The coach helps to provide objective assessment and observations that foster the individual’s or team members’ enhanced self-awareness and awareness of others. Dr. Gehrke and Ms. Petro suggest several skills or directives for the EFPC coach:
- EFPC coaches practice astute listening in order to garner a full understanding of the individual’s or team’s circumstances.
- They act as a “sounding board” in support of thoughtful planning and decision making and champion opportunities and potential.
- They encourage clients to stretch and challenge themselves commensurate with personal strengths and aspirations.
- Coaches foster shifts in thinking that reveal fresh perspectives and challenge blind spots in order to illuminate new possibilities and support the creation of alternative scenarios.
- Finally, the coach maintains professional boundaries in the coaching relationship, including confidentiality, and adheres to the coaching profession’s code of ethics (Hallberg, 2008, p. 402).
It is important to keep in mind that the seven steps of the coaching sessions as demonstrated in the Coaching Process module of the International Coach Academy (International Coach Academy, n.d.) should still be implemented during an EFPC session.
The 7 Step Coaching Process
- Establish the coaching agreement
- Set the goal or outcome for the session
- Clarify the current situation
- Clarify the gap
- Identify and commit to action
- New Learning
The 7 step coaching process is fairly standard for all coaching in all contexts. A coach’s job is to move the client from where they are now to where they want to be and to do that in a way that allows the client to take the reins and direct the process. The client sets the intention for the session, identifies any goals, and brings forward any blockages or challenges. (International Coach Academy, n.d.)
In preparing for an EFPC session, the coach initially conducts an assessment of the needs of the client and then designs the EFPC session to include particular activities that provide opportunities for the client to achieve their coaching objectives. Below are examples of coaching objectives for an EFPC session (Hallberg, 2008, p. 396).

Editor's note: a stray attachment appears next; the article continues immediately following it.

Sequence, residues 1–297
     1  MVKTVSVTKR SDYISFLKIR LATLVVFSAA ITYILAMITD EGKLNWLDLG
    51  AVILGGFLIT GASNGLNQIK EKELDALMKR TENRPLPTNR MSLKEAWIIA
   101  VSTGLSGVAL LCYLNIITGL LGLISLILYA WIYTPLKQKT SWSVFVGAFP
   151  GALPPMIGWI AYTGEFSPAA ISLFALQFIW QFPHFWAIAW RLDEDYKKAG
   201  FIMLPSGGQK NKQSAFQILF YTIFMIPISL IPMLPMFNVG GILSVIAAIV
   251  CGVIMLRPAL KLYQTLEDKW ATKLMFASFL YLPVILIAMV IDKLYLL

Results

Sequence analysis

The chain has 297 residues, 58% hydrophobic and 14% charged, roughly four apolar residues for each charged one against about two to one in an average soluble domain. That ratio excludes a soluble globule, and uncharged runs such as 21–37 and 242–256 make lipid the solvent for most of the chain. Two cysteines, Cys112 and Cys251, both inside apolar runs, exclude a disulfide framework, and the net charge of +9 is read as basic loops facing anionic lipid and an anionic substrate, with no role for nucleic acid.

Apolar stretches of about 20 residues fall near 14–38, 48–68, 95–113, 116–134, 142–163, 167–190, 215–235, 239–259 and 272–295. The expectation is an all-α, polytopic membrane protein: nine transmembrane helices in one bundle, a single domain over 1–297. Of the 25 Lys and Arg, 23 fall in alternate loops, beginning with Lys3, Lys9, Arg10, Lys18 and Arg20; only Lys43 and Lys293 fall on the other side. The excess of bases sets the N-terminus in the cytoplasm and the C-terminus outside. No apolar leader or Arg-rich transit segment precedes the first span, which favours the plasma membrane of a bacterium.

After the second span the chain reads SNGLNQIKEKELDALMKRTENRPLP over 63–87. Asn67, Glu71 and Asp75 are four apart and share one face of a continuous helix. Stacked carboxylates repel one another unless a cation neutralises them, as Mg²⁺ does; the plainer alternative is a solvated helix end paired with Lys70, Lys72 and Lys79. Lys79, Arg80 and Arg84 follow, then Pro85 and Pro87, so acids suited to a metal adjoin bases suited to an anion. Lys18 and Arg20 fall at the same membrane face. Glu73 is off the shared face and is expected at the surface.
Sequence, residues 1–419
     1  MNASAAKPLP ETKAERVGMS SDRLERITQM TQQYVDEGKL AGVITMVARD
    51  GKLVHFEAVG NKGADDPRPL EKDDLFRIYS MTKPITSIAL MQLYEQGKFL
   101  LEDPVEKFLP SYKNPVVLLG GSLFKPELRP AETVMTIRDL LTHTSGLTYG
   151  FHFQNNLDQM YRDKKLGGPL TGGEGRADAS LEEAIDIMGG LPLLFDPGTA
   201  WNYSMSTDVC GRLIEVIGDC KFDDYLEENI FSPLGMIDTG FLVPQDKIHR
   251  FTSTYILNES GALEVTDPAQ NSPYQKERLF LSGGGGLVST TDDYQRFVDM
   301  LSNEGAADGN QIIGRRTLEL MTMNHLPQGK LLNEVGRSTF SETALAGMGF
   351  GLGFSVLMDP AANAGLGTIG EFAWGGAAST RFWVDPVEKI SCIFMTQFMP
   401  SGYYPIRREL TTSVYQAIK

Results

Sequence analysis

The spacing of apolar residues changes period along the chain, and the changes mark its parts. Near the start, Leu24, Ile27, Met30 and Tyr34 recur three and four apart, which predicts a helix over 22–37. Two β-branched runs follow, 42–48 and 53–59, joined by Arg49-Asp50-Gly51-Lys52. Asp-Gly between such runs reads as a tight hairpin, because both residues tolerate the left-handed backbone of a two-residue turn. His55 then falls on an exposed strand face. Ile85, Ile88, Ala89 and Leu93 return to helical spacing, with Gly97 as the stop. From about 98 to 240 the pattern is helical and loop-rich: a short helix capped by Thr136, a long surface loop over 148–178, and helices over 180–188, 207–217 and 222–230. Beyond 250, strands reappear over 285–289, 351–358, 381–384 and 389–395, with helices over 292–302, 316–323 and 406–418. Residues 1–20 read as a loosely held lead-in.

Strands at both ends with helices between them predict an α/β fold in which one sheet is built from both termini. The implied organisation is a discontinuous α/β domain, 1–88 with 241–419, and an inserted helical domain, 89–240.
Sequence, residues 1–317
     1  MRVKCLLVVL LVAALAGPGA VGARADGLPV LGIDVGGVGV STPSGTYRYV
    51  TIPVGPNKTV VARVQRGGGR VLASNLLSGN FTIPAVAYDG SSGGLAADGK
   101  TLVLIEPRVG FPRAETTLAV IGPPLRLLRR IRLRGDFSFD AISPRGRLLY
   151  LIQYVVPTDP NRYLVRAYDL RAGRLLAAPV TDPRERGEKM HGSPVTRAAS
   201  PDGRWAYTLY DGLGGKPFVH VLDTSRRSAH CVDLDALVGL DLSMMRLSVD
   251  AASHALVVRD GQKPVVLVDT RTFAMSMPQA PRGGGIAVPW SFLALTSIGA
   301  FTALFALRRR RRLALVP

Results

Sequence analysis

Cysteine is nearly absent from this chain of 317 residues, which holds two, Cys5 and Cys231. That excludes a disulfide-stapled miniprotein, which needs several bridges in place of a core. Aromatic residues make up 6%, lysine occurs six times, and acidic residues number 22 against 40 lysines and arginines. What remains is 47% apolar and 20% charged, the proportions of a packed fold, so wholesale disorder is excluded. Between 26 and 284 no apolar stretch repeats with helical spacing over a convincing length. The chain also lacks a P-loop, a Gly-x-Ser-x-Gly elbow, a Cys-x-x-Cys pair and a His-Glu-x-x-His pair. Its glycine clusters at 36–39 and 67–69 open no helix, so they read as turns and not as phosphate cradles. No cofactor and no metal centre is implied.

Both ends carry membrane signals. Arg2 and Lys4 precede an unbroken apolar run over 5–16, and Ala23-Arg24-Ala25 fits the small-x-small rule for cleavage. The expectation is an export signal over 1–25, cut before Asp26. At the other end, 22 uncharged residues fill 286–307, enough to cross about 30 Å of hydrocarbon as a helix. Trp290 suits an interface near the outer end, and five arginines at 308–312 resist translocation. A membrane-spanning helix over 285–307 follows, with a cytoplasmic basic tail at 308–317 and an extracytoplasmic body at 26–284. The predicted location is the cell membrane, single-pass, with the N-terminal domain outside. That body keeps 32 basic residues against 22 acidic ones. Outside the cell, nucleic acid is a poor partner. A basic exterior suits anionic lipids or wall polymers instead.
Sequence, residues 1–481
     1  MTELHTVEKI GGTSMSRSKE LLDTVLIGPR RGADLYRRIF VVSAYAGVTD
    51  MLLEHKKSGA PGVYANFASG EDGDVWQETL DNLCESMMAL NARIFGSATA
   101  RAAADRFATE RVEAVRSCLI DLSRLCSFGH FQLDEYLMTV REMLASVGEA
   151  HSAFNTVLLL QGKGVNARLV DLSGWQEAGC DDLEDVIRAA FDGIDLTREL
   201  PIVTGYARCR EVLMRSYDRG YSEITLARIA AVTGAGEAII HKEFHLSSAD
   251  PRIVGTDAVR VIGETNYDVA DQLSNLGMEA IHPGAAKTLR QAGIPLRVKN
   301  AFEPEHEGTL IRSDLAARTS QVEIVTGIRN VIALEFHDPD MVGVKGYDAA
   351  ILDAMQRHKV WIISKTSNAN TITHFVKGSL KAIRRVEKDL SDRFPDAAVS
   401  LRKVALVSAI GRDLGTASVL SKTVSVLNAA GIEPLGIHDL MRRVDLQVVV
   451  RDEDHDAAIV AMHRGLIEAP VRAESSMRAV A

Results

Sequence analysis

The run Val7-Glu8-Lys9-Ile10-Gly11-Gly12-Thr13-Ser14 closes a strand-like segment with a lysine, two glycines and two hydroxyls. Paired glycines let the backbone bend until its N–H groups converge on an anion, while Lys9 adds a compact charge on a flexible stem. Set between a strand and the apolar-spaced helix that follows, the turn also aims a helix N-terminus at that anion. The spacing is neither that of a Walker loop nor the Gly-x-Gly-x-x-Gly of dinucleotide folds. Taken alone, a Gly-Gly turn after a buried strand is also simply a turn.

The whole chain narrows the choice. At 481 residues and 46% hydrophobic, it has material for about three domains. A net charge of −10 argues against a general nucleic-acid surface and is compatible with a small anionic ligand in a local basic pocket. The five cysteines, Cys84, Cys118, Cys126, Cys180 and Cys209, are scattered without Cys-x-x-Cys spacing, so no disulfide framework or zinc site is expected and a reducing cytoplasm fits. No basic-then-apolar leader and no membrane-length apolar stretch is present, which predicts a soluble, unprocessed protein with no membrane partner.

The client who engages in a coaching service may come to develop their leadership skills or learn new approaches to leadership or management. Observing and interacting with horses may allow them to experience the difference between leading with confidence utilizing a partnership model, or leading from fear and domination. The client is afforded the ability to process these insights and experiences within the group or individually with the coach and can determine for themselves more effective ways to lead based on their interactions with the horses. In many cases, this approach to teaching leadership has proven to positively affect the client’s personal and business relationships (E. Gehrke, J. Esparza, R. Higgins, personal communications, n.d., as cited by Hallberg, 2008, p. 397).
The coach assists the client in achieving this instructional objective by helping the client to identify and experience the impact their leadership approach had upon the horse. The horse assists in this process by remaining honest and authentic and providing a mirroring reaction to the client. The horse will generally respond to leadership that is authentic, respectful, and confident, but generally will not respond favorably if the client attempts to trick, cajole, manipulate, bribe, or plead for the horse to follow or partner with them (Roberts, 2002; Irwin, 1998; Rashid, 2000, as cited by Hallberg, 2008, p. 397).